ST. GEORGE — The Utah League of Cities and Towns installed St. George Mayor Jon Pike as its president for the 2018-19 year during its annual conference last week.
“It’s a great opportunity because I get to be helping, not only on behalf of our city, but all of Southern Utah and the whole state as it relates to government and local government which is near and dear to my heart,” Pike said Monday.
The Utah League of Cities and Towns represents the collective interests of 247 municipalities across the Utah as it relates to state and federal government.
Pike said being the league’s president gives him more opportunity to work closely with the Legislature and the governor and lieutenant governor’s offices, especially when the Legislature is in session.
The league has often lobbied Utah lawmakers on behalf of various positions held by its members, particularly as they pertain to issues of land-use authority, zoning, the licensing and other issues, he said.
An example of the league and St. George working together took place during the 2017 legislative session as they sought to influence lawmakers concerning a proposed law that would have eliminated a municipality’s ability to regulate short-term rentals. While a form of the bill passed, the primary provision restricting municipalities on regulating short-term rentals was removed.
During last week’s annual conference, the league passed a resolution outlining its concerns over Proposition 2, a ballot measure that would legalize medical marijuana in the Utah. While the league stopped short of opposing the measure, it said it has issues with potential conflicts connected to a city’s ability to regulate where medical marijuana facilities could go and how passage of the proposition may impact law enforcement efforts.
“I personally support the furthering the use of medical marijuana,” Pike said, though he added that he will vote against Proposition 2.
Pike said he does favor a statewide law permitting and regulating medical marijuana use, as well as some limit to how far a city or county can regulate medical marijuana-related issues.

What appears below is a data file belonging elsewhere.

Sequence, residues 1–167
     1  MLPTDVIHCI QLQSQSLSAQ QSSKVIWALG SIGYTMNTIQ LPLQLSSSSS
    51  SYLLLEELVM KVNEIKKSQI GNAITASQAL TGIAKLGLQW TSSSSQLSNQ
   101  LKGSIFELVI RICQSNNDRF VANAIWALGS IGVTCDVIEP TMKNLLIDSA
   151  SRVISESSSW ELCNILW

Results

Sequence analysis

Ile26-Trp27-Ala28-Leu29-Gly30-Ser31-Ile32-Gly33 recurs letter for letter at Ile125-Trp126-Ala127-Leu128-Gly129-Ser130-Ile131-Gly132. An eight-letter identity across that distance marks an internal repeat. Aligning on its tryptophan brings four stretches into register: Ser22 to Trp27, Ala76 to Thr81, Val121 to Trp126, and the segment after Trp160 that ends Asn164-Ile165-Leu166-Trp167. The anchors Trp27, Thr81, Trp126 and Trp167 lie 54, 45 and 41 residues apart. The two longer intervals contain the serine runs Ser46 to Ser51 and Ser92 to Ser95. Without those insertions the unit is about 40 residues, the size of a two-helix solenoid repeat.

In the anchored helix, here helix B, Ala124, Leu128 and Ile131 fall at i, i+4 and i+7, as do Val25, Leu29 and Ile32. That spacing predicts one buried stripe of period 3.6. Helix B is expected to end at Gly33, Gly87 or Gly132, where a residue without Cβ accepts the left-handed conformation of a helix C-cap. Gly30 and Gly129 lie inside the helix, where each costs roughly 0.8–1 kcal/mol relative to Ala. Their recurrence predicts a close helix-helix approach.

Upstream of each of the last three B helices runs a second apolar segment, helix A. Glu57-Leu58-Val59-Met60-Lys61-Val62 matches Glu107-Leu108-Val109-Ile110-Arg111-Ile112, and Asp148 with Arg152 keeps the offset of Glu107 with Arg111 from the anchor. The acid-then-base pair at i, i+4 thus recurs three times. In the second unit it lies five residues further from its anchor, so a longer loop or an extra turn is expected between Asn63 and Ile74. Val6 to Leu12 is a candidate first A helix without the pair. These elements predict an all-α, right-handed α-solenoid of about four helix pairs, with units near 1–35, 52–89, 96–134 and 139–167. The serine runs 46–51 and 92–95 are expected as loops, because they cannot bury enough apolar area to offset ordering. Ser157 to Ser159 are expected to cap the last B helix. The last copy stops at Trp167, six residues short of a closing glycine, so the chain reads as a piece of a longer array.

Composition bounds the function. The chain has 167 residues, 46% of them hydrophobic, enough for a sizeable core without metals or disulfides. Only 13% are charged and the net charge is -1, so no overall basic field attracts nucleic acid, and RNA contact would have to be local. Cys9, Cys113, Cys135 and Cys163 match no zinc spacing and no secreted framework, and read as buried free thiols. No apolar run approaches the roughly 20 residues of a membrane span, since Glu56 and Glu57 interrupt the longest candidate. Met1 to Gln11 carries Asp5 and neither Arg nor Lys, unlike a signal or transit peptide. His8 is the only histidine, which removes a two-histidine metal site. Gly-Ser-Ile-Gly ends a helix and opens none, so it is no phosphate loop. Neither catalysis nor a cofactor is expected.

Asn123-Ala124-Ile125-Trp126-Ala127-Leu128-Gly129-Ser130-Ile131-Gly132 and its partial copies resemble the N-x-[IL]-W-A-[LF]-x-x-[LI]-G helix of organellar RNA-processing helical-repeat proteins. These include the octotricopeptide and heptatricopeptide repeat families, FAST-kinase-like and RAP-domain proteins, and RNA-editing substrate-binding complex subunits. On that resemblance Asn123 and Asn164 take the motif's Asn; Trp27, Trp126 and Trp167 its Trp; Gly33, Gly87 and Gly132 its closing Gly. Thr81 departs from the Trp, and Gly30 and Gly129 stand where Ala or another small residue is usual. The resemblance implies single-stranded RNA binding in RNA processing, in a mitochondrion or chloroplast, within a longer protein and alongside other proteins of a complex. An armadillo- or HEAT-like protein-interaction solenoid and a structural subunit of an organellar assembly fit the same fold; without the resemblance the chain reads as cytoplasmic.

“I don’t think cities and counties should necessarily be able to say ‘We don’t want it sold here,'” he said. “All the more important to make sure how it is prescribed and sold is absolutely safe and well regulated.”
Other resolutions presented at the annual conference related to a municipality’s authority over water rights and water supply, support for increasing the state’s gas tax for transportation funding, as well as ways to address the state’s continuing population growth and the challenges that brings.
“It’s a great and important opportunity to work with our state leaders and even federal officials to try and make sure the issues that are important at the local level make it to those other levels so that we can remind them of what we work with every day,” Pike said.
According to the league’s website, it also “provides information, training and technical assistance to local officials on municipal issues, and works to create a greater public awareness and understanding of municipal responsibilities, governance and administration.”
Pike will serve as the president for a year. At the conclusion of his term he will continue to serve on the league’s executive board as the past president for a year after that.
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